Wolfe Publishing Group

    Handloader Feb/Mar 2017

    On the Cover: The .45 Auto Rim was designed for double-action revolvers, such as this Smith & Wesson Model 1917. Photo by Brian Pearce.

    Volume 52, Number 1 | ISSN:

    Article Bites


    Reloader's Press

    .44 S&W Special Versus .45 Colt
    column by: Dave Scovill

    In the 30-odd years I have been writing about handguns, this is the column I thought about writing but chose not to, mostly because for many of those years, the .45 Colt, in terms of bullets, reloading dies and sixguns, was at somewhat of a disadvantage. The exception was in 1971 when Ruger came out with the Old Model Blackhawk .45s that were manufactured to closer chamber and throat tolerances than the age-old Colts. The Rugers were stronger too, making it possible to match velocity and energy numbers produced by a hopped-up .44 S&W Special in a Colt SAA using bullets, cast or jacketed, of similar weight. ...Read More >


    Bullets & Brass

    .40 S&W and 10mm Auto Interchangeability
    column by: Brian Pearce

    Brian tackles questions on 40 S&W and 10mm auto interchangeability, .45 Colt data and .30 Carbine range brass. ...Read More >


    Cartridge Board

    11.35x51R Danish
    column by: Gil Sengel

    Ever since the advent of self-contained metallic cartridges, American riflefolk have had an insatiable appetite for obsolete (so-called “surplus”) military rifles. Many of these have been single shots chambered for big black- powder rounds. They were breechloaders adopted by countries hurrying to modernize their militaries beginning in the late 1860s. Their service with first-line units, however, was not long. Development of smokeless powders and smaller calibers in the 1880s quickly made them as obsolete as the percussion muzzleloader. ...Read More >


    Propellant Profiles

    Alliant Reloader 16
    column by: R.H. VanDenburg, Jr.

    The world of smokeless powder continues to change. On the heels of Reloder 23 and Reloder 26, Alliant Powder has now added Reloder 16. Manufactured in Sweden by Bofors, RL-16 promises to be “consistent across temperature extremes,” to have a “broa... ...Read More >


    From The Hip

    Buchanan Precision Machine Hand Reloading Press
    column by: Brian Pearce

    Handheld portable reloading tools first appeared shortly after the development of centerfire metallic cartridges and became popular during the 1870s. The most common was the tong-style tool, which proved important to hunters, ranchers, explorers and lawmen during the frontier era. Those early tools had certain limitations that included case sizing, and they required special dies or were caliber specific. ...Read More >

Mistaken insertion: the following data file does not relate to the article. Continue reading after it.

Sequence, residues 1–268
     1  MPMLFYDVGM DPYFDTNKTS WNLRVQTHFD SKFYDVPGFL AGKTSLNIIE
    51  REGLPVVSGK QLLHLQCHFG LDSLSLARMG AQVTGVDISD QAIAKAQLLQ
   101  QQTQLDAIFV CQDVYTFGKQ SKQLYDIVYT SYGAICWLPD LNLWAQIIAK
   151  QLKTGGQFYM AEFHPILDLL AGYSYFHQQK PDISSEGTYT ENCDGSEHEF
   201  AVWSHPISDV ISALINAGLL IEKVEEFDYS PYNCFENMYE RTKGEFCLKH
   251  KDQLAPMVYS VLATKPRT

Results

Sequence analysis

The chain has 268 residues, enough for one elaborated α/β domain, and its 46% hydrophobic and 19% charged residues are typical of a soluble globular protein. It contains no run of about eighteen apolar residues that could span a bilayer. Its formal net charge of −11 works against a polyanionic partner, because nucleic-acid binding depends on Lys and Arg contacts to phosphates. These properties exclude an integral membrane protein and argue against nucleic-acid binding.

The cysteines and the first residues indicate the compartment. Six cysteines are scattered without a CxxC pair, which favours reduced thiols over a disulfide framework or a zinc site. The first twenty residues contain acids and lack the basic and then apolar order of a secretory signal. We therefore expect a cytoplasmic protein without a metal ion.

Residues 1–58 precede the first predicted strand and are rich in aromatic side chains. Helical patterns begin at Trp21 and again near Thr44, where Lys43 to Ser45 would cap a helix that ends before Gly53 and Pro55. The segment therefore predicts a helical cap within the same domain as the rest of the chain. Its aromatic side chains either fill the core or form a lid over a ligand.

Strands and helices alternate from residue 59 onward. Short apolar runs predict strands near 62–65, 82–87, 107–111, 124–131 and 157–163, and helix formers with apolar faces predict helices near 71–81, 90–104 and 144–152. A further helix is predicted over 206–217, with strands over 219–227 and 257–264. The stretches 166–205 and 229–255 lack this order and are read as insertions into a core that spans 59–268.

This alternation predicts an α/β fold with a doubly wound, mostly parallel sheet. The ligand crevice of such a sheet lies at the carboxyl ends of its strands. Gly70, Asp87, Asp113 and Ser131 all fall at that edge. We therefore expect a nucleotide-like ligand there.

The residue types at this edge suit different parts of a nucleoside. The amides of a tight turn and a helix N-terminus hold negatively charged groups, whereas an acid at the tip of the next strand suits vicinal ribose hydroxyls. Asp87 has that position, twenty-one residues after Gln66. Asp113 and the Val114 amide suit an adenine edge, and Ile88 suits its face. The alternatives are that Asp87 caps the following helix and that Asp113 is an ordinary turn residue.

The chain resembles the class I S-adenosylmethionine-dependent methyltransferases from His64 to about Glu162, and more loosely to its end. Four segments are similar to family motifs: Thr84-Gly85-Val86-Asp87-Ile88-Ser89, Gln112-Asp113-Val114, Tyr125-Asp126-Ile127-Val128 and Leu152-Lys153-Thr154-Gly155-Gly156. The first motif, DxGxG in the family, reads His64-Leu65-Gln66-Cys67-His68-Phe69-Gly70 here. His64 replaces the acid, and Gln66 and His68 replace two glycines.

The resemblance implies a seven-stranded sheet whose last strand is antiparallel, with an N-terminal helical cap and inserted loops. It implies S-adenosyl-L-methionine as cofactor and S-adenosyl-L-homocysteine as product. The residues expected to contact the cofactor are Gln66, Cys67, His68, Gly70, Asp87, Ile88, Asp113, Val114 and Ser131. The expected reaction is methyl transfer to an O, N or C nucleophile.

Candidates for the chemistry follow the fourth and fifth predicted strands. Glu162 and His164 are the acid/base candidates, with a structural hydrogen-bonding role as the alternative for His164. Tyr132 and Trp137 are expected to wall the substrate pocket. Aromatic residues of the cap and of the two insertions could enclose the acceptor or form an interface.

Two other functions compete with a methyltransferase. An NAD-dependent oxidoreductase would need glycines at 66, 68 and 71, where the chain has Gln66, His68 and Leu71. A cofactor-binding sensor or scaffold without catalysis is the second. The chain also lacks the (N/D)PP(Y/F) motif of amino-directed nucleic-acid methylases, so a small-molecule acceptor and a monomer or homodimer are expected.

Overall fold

Mike's Shootin' Shack

    50 Years of Favorites
    column by: Mike Venturino

    This past December marked my 50th year as a handloader. It started when, for Christmas 1966, my parents gave me a Lyman All American turret press with proper accouterments for loading .38 Special. I was completely hooked from the very first round. During those five decades, I’ve reloaded for more than 125 cartridges and still have die sets for 65 on my bench. All get used to one degree or the other. ...Read More >


    Wildcat Cartridges

    .500 Cyrus
    column by: Richard Mann

    It’s not that full-power loads from the .500 Cyrus pound your shoulder into gelatin, it’s the neck-breaking sensation you get every time the trigger is pulled. The cartridge feels like a roll of dimes. When fired from the 8.5- pound custom rifle d... ...Read More >


    In Range

    Gift Horses and Handloading Treasure Troves
    column by: Terry Wieland

    I paid John the handyman $200 for the first “treasure” and $50 for the second. I thought I was being generous; he thought I was being miserly. In a way, we were both right. The first installment of the treasure arrived in two cardboard boxes that ... ...Read More >